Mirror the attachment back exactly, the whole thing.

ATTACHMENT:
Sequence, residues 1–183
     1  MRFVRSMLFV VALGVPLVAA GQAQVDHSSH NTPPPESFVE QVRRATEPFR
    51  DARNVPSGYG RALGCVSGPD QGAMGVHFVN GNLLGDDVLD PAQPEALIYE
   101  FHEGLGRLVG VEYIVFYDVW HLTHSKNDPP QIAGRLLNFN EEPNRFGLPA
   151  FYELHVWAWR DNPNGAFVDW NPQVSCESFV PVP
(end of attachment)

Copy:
Sequence, residues 1–183
     1  MRFVRSMLFV VALGVPLVAA GQAQVDHSSH NTPPPESFVE QVRRATEPFR
    51  DARNVPSGYG RALGCVSGPD QGAMGVHFVN GNLLGDDVLD PAQPEALIYE
   101  FHEGLGRLVG VEYIVFYDVW HLTHSKNDPP QIAGRLLNFN EEPNRFGLPA
   151  FYELHVWAWR DNPNGAFVDW NPQVSCESFV PVP